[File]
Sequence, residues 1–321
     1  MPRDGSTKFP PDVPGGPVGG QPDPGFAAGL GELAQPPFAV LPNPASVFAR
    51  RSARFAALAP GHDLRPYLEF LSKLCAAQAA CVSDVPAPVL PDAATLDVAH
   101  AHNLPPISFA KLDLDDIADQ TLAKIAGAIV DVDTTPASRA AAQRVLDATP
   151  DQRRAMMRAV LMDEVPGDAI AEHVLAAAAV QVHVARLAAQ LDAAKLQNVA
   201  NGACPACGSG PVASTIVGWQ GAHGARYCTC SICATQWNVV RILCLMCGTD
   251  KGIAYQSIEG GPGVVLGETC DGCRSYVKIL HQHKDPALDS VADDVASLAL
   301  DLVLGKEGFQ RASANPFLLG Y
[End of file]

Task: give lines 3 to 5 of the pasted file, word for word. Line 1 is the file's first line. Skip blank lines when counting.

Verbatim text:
    51  RSARFAALAP GHDLRPYLEF LSKLCAAQAA CVSDVPAPVL PDAATLDVAH
   101  AHNLPPISFA KLDLDDIADQ TLAKIAGAIV DVDTTPASRA AAQRVLDATP
   151  DQRRAMMRAV LMDEVPGDAI AEHVLAAAAV QVHVARLAAQ LDAAKLQNVA